Tim Wilson: And Dave’s the founder.
Brian Porter: And he’s the founder of it. And so that’s, it started with the snowboard, then it was a surfboard.
Michael Wilson: Right. So how many, episodes would you call them?
Scott Gardner: Well it’s usually, it’s a content series, so we’ll create like snowboard was first and then we did a surfboard, then we did a kid’s pushbike, a recyclable pushbike because there was a client. Then we did Tony Hawk’s skate, and we eventually got into Fender guitar.
Scott Gardner: So the irony of this series, I believe is while that was going on with Tim, I was trying to find a way to create a content series about their innovation and design with clients. So we were trying to get into clients and find out how to tell stories. And to be honest, in some cases they just weren’t, to use the term, they just weren’t that sexy. So I was like, well, so it’s kind of like design and innovation with a small D and a small I. It’s really important. But the stories just didn’t seem, so we didn’t produce anything. And then Tim and I were having dinner and he said, well, I have this neighbor and he wants to produce a paper snowboard. And I was like, well, that’s something. And then we put that out there and we had 100,000 views within 30 days.
Michael Wilson: On the snowboard?
Scott Gardner: On snowboard, that was the first one with very little promotion. And at the time we were happy if we were getting thousands of views a year on our videos.
Michael Wilson: So you have the pushbike and then the Fender guitar, right? That you mentioned…
Scott Gardner: Surfboard was right after pushbike. And that got hundreds of thousands of views.
Michael Wilson: Oh, right on.
Scott Gardner: And then we said, now we’re really onto something. And then we did Tony Hawk’s skate and that one was, that was the first time we started looking at the power of the Ernest brand and its story. The interesting at the content and then who else is associated with, it’s with Tony Hawk-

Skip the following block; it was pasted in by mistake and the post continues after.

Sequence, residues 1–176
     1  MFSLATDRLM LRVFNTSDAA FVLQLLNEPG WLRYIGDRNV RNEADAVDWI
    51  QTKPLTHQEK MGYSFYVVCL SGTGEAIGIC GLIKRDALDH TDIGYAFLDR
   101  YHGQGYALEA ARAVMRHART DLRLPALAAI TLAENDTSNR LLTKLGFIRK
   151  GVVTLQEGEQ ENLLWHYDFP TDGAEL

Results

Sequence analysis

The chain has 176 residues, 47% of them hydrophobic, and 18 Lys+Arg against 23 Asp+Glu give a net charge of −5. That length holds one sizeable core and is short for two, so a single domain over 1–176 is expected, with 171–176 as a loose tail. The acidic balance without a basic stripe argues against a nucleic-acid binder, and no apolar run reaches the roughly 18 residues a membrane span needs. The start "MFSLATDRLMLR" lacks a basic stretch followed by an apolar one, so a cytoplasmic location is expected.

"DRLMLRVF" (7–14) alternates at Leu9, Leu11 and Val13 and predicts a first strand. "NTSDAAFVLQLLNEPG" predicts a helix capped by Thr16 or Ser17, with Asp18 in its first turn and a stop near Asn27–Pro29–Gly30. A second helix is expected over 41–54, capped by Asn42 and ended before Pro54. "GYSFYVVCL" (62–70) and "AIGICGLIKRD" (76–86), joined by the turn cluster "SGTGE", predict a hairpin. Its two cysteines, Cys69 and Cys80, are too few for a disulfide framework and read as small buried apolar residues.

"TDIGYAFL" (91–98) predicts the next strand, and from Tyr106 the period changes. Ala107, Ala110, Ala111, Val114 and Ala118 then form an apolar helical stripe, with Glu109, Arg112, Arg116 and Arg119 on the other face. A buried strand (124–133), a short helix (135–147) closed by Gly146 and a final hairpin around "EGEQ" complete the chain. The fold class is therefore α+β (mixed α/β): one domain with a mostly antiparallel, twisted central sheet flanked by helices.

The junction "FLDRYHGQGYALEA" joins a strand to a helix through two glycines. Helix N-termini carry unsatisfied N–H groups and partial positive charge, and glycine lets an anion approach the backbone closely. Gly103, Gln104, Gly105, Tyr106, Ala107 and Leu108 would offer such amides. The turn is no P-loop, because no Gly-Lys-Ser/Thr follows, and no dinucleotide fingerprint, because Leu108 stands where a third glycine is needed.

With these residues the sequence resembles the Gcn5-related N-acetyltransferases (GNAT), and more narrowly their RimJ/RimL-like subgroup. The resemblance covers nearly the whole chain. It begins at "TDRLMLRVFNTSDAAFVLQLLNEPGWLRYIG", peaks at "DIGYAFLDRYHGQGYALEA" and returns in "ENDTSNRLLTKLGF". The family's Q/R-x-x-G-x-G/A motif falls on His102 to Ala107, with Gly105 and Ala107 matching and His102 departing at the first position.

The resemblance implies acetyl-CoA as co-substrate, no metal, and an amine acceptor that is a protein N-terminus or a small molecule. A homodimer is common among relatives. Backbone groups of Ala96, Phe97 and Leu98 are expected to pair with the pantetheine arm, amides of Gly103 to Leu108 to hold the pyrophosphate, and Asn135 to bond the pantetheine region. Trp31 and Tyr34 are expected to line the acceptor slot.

Michael Wilson: Right, adding an influencer.
Scott Gardner: Yeah, we got an influencer. We’ve got Tony Hawk to give us a couple shout outs. So that went over a million views.
Michael Wilson: It did.
Scott Gardner: And then we’re like, wow, now we’re really onto something. And then Fender, which is still my favorite, is just such a dynamic story. And that went over 3 million views in the first 90 days. And that is probably a bar that’s, that one just went over and above any expectation.
Michael Wilson: So speaking to that, when you create these, do you have any expectations? Do you set any expectations? Or are you just like, hey, let’s put the content out there and go.
Scott Gardner: Well, I think we have our own expectations because we want to jump over the last one, which I think once you hit the level that Fender has, which is over 5 million now, it’s a pretty tough one to do. And that was also done mainly organic. Today’s world, you have to pay to get content seen, back then we had a pretty strong, we still have a strong organic engine, but you’re still seeing less returns without putting the investment behind your content.
Michael Wilson: Got ya. So Fender’s your favorite.
Scott Gardner: Yes.
Michael Wilson: What about you guys? Brian?
Brian Porter: Each one becomes my favorite but I think I go back to the Fender one because of Linkin Park. And then Chester passing shortly after the release of it.
Michael Wilson: That’s right.
Brian Porter: That was really powerful-
Michael Wilson: I forgot about that, yeah.